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Re: [Caml-list] CDK with Ocaml 3.06 (fwd)
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Date: 2002-10-14 (22:45)
From: Gerd Stolpmann <info@g...>
Subject: Re: [Caml-list] CDK with Ocaml 3.06 (fwd)

Am 2002.10.14 23:07 schrieb(en) Sven LUTHER:
> On Mon, Oct 14, 2002 at 10:38:36PM +0200, Pierre Weis wrote:
> > [...]
> > > > 2) if we really need such a feature (for example just to have
> > > >    transparent access to packages between different linux distributions
> > > >    or between linux and windows and mac and ... worlds) who is
> > > >    responsible to keep an archive of available package gettable via
> > > >    ocamlfind or whatevere else?
> > > >    CPAN, APT, and other approaches work because someon set up an
> > > >    official or de-facto-official archive (Well, APT also support other
> > > >    repositories, but official one are the most used and trusted ...).
> > > 
> > > If this happens, maybe we can prevail on inria and the ocaml team to
> > > make disk space available to us ?
> > 
> > Yes, indeed. There is no problem of disk space here. The problem is to
> > grant access in a secure and reliable way.
> Well, debian uses a system with upload queues, and signed package witha
> strong web of trust between developpers who are allowed to upload
> packages. Sure we also have ssh access on most debian boxes, but this is
> not necessary for uploading.
> I am sure a scheme could be found for this kindof distribution, with an
> upload queue, where you could anonymously upload packages, which get
> scanned for secure signatures and uploaded onto the server, or something
> such. Maybe you could go without signatures even, since after all, there
> is nothing critical and absolutely needing root access in the ocaml
> packages.
> > > > 3) ocaml packages are usually distributed as source packages and we have
> > > >    not a standardized way to build and install them, the success of
> > > >    CPAN, APT, are due to the facts that _or_ the distribution is in
> > > >    binary form with standardadized file system sructure _or_ the
> > > >    distribution is in source form with standardized compilation and
> > > >    installation procedure
> > > 
> > > Yes, this is the problematic part.
> > 
> > I think we can set up a standardized compilation and installation
> > procedure (meaning a standard Makefile for libraries, based on the
> > configuration set up by the original Ocaml installation). We can start
> > with the Caml team maintained software (the ``bazaar'') and encourage
> > people to do the same for their own software by storing (and
> > distributing) it on our server. This could be a lot of book-keeping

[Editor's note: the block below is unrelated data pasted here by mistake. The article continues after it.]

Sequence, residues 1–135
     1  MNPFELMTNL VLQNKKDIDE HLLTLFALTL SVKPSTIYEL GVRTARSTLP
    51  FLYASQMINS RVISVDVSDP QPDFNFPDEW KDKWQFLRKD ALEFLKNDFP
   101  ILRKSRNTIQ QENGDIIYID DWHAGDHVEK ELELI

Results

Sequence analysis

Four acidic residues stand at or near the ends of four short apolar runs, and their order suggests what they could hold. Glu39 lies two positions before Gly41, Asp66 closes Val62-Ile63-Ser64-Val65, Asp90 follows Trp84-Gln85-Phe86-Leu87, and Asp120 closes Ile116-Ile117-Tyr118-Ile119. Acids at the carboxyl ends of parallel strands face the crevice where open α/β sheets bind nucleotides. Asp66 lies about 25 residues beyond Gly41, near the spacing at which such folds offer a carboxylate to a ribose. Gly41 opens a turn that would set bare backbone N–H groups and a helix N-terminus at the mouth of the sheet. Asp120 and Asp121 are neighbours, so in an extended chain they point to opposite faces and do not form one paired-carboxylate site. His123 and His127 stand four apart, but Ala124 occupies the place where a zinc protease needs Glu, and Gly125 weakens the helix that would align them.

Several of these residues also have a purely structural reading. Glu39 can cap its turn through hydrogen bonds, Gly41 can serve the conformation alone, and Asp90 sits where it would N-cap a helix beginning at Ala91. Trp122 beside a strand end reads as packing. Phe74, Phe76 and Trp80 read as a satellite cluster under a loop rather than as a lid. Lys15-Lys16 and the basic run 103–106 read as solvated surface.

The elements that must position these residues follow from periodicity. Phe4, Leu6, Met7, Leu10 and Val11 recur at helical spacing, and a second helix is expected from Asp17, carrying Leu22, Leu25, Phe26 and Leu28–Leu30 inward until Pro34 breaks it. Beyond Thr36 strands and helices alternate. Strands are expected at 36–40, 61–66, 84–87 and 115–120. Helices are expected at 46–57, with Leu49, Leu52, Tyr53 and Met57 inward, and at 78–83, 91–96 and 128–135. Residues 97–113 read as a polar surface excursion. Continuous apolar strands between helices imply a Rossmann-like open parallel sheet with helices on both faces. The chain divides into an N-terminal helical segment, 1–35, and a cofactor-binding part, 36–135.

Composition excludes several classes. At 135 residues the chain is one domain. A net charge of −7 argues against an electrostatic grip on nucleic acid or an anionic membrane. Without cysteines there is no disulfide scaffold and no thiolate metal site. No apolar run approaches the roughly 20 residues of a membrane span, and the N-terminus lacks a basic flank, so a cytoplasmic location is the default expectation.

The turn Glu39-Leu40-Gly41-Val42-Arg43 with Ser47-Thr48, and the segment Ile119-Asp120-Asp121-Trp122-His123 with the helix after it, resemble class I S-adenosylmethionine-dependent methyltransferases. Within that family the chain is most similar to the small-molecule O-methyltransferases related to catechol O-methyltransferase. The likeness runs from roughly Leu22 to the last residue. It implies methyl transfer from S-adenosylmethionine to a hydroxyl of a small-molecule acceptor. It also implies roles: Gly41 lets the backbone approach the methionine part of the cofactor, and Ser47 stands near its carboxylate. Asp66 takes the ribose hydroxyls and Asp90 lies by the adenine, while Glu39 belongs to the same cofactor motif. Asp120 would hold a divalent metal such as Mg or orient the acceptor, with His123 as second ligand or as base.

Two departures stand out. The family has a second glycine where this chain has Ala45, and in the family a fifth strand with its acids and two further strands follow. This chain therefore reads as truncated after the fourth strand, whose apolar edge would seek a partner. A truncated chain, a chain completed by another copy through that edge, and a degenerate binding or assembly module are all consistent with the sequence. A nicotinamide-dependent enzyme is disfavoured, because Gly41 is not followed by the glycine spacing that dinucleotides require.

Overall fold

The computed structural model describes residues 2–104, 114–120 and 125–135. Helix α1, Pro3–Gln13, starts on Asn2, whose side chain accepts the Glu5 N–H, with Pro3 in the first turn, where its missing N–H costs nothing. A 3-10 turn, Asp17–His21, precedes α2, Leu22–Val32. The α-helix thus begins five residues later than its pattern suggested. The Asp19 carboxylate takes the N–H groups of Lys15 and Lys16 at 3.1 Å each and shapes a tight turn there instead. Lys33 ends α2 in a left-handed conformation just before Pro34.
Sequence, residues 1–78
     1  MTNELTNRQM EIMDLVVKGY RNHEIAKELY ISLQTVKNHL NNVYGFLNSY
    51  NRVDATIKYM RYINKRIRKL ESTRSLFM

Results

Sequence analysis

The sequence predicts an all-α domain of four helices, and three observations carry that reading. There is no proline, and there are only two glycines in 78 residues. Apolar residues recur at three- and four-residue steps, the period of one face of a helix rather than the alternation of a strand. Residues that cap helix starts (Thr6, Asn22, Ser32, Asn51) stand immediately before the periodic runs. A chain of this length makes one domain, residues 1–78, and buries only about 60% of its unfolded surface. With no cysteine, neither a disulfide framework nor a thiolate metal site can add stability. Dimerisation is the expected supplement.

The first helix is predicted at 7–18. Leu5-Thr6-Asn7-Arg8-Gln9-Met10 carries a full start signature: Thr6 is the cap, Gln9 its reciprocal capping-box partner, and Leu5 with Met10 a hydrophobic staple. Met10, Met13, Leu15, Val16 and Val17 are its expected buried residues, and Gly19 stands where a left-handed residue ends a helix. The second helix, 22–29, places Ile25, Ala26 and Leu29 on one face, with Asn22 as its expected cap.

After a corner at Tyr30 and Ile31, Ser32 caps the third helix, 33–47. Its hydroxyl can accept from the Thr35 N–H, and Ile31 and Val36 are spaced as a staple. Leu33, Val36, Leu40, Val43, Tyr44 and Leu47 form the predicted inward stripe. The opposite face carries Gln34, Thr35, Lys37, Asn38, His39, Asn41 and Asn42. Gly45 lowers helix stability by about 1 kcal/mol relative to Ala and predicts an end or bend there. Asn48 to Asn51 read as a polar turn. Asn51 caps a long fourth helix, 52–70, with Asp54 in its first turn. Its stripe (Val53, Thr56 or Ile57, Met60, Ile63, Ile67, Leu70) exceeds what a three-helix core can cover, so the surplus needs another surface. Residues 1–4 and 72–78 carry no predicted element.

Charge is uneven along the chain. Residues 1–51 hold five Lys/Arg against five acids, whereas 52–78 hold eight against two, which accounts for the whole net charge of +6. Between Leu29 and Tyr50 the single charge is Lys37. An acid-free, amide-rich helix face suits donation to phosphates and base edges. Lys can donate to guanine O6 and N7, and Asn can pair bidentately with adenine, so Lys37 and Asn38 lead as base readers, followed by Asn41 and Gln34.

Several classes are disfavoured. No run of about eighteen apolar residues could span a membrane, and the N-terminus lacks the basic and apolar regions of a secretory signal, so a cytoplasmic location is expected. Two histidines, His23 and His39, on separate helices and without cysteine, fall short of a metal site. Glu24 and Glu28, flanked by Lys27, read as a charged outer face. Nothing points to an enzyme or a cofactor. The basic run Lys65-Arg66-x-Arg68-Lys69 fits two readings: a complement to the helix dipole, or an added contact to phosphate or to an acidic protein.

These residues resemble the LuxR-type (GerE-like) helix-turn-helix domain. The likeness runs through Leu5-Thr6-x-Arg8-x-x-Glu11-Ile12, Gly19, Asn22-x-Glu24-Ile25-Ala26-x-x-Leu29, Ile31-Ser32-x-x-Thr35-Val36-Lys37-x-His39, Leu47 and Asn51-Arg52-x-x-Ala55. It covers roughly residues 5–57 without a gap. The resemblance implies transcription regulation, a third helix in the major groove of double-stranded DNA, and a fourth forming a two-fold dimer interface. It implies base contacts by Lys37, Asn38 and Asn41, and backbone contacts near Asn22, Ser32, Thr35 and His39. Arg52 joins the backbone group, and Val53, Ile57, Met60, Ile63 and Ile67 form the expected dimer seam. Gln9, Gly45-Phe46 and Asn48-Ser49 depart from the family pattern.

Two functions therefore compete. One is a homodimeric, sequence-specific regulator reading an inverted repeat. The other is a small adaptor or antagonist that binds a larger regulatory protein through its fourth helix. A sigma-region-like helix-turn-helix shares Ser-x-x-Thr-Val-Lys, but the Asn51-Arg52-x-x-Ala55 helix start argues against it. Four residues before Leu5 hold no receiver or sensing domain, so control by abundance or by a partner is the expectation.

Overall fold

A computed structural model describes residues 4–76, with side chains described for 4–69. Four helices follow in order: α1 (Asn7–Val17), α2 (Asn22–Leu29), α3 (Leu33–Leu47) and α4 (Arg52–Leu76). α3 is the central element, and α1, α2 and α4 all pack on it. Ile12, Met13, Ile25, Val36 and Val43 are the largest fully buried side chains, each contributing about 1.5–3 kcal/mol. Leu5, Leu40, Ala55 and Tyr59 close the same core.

> > but we could probably manage it...
> Well, the problem is more in the dependency handling, and could be worse
> if you maintain binary distribution, like you do for windows. But
> anyway, i don't believe you could really afford to do binary
> distribution for something else than windows or maybe macOSX.
> It is very difficult to do this nicely without an integrated
> distribution. Mmm, maybe it can be done, but would need lot of work, and
> anyway, inria don't has the vast multi arch build farm that debian has,
> so i don't know if it would be meaningfull.

Just a few phenomenons that are hard to tackle :

- Sometimes a Makefile is not enough, you need a configure script. Sometimes
  the configure script takes arguments (Where can certain C libraries be found?
  Which build variant is chosen?). These arguments cannot be found out
  automatically, they are beyond the intelligence of the configure script.

  So an automatic package fetcher would have to deal with this complication.
  Maybe it has to ask interactively.

- Sometimes a single distribution tarball creates several libraries.

- Sometimes there are alternative dependencies (you can choose whether you
  like package X or X' as antecendent)

- Sometimes there are files to install that are neither libraries nor
  documentation. You need interaction with the operating system's idea
  of installing files, and if possible, with its package manager.

- Authors usually cannot test source packages on lots of platforms. Problems
  range from /bin/sh incompatibilities to the Unix/Windows nightmare. Especially
  for the latter I really don't know how to cope with it, because porting
  Makefiles and scripts to Windows is time-intensive, and as a Unix fan
  I have the attitude "let the Windows users do it".

These are not exoctic complications that are rarely found, they are normal.
A reasonable source distribution format must deal with them, and there must
be people willing to create such enhanced source packages. I don't say
this is all impossible, but sure it is an ambitious project.

Gerd Stolpmann * Viktoriastr. 45 * 64293 Darmstadt * Germany
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